Patients who get tattoos to cover facial skin grafts and scars may feel happier with both their appearance and quality of life, a Dutch study suggests.
The practice of using tattoos to cover damaged skin isn’t that new. Doctors even have a term for it: dermatography. These medical tattoos are not butterflies or lightning bolts; rather doctors use subtle coloration to make discoloured areas match surrounding skin more closely.
While it doesn’t cure disease, cosmetic changes made by tattoo needles can still have lasting health benefits, said one of the study’s authors, Dr. Rick van de Langenberg. “Scar and skin graft color abnormalities can result in impaired physical, psychological, and social well-being, especially in the facial area that is constantly visible to the patient and others,” van de Langenberg, a researcher at Diakonessen Hospital in Utrecht, said by email.
For the study, researchers focused on 76 patients who received medical tattoos to cover scars and skin grafts left on the head and neck after cancer treatment. Most of the patients were female, and the participants ranged in age from 19 to 86. Many of the participants had skin cancer or melanoma, though some had oral or thyroid tumours or other types of malignancies.
“Scars are usually a reminder to a patient of a negative life event – car accident, cancer surgery, fire, explosion, war related injury,” Waibel, who wasn’t involved in the study, said by email.
One limitation of the study is that it only included patients who decided to get tattoos, who may have had more concerns about their appearance or quality of life than people who opted not to do these procedures to modify scars or grafts, the authors note.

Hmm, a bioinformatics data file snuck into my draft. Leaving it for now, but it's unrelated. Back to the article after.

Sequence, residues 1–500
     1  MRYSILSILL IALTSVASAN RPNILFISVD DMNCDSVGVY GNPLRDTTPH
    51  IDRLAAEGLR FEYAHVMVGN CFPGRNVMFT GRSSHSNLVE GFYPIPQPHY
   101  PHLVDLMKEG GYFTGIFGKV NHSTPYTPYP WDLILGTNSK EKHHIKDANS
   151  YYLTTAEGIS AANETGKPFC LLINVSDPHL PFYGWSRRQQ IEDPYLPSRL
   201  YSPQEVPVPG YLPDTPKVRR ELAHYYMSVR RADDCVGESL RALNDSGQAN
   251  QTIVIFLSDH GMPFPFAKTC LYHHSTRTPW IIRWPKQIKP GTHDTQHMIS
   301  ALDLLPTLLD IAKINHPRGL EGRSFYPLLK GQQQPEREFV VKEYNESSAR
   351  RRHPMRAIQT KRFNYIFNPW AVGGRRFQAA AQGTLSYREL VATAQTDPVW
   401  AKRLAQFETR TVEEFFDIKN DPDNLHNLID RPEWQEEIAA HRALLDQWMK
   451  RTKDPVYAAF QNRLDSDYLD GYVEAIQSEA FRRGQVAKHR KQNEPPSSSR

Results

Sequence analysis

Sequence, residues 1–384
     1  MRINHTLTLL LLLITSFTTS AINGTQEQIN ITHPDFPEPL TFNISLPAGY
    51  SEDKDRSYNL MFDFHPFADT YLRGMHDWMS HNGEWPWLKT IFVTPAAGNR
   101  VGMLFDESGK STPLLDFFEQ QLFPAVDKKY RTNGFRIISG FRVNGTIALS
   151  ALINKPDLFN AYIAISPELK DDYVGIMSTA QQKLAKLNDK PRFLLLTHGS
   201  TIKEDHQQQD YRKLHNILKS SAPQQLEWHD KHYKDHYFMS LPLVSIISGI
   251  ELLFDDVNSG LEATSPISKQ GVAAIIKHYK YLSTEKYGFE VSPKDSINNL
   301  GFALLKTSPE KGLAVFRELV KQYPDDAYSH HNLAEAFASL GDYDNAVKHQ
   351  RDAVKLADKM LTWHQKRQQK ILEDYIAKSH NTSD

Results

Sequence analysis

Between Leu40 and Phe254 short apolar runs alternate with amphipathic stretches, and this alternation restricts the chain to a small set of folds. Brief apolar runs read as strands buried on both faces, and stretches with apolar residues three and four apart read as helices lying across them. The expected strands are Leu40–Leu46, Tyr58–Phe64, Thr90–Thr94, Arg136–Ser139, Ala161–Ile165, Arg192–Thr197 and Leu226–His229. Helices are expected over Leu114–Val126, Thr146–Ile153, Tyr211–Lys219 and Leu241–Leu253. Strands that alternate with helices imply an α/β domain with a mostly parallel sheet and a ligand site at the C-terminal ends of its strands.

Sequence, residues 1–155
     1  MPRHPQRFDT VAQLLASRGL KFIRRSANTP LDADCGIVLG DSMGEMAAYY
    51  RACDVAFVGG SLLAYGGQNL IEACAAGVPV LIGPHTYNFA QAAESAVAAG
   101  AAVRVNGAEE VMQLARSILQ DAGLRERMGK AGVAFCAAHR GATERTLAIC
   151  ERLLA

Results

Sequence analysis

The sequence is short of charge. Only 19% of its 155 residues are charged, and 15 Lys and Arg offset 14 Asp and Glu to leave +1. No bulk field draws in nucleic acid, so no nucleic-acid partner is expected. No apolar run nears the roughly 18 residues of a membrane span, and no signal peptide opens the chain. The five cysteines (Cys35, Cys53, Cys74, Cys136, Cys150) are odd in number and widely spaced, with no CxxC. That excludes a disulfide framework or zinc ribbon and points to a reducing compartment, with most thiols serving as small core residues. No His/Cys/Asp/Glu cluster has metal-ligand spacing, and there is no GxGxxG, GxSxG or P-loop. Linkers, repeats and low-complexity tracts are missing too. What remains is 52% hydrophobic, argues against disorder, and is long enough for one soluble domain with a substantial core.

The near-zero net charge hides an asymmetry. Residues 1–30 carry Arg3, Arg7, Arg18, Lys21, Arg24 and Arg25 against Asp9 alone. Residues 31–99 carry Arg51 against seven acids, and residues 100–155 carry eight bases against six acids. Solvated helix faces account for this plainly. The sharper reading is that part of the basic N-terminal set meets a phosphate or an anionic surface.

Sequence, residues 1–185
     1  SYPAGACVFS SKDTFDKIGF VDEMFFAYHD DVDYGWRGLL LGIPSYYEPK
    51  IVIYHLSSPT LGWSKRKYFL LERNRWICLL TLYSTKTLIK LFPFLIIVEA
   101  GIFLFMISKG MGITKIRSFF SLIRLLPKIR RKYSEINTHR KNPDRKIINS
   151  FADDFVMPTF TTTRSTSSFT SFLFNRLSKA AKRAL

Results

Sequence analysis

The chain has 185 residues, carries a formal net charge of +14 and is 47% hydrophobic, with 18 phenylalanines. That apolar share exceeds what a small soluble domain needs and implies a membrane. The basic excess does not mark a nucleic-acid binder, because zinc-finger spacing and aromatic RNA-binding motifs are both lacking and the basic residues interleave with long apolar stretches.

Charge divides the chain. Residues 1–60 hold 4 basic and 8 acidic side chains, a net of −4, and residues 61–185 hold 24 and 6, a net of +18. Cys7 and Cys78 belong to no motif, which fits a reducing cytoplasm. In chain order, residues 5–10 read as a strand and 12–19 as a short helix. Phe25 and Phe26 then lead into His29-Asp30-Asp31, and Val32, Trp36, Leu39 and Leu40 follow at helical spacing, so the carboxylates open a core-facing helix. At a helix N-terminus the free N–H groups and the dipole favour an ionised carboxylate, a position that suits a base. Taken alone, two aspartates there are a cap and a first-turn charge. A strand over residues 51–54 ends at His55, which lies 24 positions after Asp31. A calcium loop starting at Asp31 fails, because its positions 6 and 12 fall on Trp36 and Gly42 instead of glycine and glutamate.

Medical tattoos are most often done to create nipples for women after breast reconstruction following surgery to remove cancer, and this may be covered by insurance in the U.S. when reconstructive surgeons offer the service, Waibel said.
Overall, though, insurance coverage for tattoos and other types of scar revision treatment can be difficult, said Dr. Tina Alster, a dermatology researcher at Georgetown University Hospital in Washington, D.C., who wasn’t involved in the study.
“Color is one of the first things other people will notice, and thus social confidence will be improved with a closer color match,” Hivnor said by email. “Our eyes pick up sharp lines quicker than softer lines and so that stark contrast in color between the two types of skin will be minimized.”
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